A round of new tariffs taking effect on Sept. 24 affect 5,745 Chinese goods totaling $200 billion in imports, a move that could seriously impact facilities budgets.
The initial tariffs start at 10 percent, but will climb to 25 percent starting on Jan. 1, 2019.
The list of goods subject to the newest tariffs include these common facilities products:
- Pesticides, insecticides, fungicides and rodenticides
- Fly ribbons
- Flexible plastic tubes, pipes and hoses
- Vinyl tile and other vinyl flooring
- Carpets and textile-based flooring
- Plastic bidets, lavatory pans, flushing cisterns and other sanitary ware
- Plastic “builders’ ware”
- Natural rubber, including latex
- More than 10 species of wood in raw and partially finished forms
- Oriented strand board and particle board
- Bamboo, including floor coverings and screens
- Toilet paper
- Cotton and wool products
- Copper, aluminum, steel and tin
- Equipment and parts for air conditioners, refrigerators, freezers, humidifiers/dehumidifiers, and heat pumps
- Office machines
- Evaporative air coolers
- Floor polishers and carpet sweepers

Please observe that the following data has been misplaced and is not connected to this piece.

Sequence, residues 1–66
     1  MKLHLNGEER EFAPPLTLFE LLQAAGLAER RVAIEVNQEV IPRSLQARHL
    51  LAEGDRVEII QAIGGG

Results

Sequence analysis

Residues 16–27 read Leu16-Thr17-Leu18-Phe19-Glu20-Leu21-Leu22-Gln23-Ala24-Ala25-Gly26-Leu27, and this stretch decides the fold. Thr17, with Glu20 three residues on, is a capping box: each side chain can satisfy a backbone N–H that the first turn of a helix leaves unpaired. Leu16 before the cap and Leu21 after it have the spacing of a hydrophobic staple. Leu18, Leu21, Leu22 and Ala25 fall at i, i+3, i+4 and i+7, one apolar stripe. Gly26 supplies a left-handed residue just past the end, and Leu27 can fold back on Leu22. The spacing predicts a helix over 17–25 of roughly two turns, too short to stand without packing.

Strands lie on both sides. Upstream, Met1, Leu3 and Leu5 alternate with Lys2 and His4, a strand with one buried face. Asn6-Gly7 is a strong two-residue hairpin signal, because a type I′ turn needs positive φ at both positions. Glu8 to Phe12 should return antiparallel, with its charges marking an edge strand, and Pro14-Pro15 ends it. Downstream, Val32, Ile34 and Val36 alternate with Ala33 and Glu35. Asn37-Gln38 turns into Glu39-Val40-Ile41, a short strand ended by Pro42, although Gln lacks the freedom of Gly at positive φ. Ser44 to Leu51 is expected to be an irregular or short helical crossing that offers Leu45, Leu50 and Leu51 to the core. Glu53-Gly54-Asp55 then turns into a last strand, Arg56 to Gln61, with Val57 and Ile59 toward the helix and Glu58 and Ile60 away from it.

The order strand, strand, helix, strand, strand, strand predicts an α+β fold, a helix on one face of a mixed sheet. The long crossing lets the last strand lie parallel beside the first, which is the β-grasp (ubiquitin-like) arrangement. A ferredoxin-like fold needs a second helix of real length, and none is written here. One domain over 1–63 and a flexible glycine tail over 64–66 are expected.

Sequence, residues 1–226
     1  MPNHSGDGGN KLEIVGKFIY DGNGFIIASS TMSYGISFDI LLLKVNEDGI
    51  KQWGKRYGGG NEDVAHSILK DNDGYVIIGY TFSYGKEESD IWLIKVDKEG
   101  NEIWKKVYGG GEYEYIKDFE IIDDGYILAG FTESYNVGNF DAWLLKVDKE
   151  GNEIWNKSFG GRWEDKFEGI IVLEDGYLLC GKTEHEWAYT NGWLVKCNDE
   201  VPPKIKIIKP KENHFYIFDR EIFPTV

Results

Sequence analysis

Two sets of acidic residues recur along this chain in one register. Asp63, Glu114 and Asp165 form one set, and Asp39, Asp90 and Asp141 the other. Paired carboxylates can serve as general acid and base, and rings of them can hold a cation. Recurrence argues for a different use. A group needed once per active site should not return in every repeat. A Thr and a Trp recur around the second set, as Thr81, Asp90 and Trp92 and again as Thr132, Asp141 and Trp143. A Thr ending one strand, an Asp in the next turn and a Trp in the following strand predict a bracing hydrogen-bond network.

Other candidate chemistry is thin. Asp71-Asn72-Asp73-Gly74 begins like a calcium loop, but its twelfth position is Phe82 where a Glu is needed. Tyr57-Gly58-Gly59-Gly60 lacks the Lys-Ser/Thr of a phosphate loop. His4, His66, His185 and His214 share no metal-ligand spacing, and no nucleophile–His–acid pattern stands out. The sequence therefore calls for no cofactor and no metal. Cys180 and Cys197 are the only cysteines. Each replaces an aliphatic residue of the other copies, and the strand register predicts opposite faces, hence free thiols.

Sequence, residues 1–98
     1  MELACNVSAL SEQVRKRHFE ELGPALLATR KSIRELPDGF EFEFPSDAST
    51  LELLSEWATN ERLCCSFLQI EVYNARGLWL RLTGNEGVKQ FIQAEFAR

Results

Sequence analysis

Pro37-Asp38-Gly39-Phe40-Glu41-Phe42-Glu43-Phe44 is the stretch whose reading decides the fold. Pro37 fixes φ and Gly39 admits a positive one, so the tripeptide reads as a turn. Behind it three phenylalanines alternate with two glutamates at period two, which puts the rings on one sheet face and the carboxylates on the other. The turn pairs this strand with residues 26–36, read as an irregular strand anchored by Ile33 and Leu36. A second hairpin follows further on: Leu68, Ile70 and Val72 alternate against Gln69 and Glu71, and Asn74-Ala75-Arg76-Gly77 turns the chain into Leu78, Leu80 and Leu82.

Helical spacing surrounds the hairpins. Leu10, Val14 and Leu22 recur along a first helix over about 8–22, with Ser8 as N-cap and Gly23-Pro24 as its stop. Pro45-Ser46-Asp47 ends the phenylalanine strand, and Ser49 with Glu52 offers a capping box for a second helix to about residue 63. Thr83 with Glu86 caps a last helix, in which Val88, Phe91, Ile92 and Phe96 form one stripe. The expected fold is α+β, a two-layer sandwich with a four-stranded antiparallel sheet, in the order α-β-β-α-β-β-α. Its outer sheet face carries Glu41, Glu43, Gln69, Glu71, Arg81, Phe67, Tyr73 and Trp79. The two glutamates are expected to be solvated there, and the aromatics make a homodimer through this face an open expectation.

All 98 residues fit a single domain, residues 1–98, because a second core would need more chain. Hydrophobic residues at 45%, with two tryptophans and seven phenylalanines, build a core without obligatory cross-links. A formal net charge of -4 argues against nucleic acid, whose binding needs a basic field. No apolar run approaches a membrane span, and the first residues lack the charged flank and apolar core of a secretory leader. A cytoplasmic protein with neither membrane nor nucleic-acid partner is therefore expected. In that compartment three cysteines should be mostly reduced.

- Wood and metal furniture
- Electric lamps and lighting fixtures
“Unfortunately, China has been unwilling to change its policies involving the unfair acquisition of U.S. technology and intellectual property,” the Office of the United States Trade Representative notes in a statement. “Instead, China responded to the United States’ tariff action by taking further steps to harm U.S. workers and businesses. In these circumstances, the President has directed the U.S. Trade Representative to increase the level of trade covered by the additional duties in order to obtain elimination of China’s unfair policies. The Administration will continue to encourage China to allow for fair trade with the United States.”
In the short term, these items will likely increase in price, which means that facilities professionals stocking up on certain products will pay more for them.
The rising prices will especially affect facilities that need lamps and lighting fixtures that aren’t made of base metal, which topped $1.94 billion in imports from China last year, and certain kinds of furniture (mainly wood and metal).
Previous tariffs introduced in March 2018 targeted steel and aluminum imports and resulted in retaliatory tariffs from a number of countries affected by the policy, including longtime allies Canada and the European Union.
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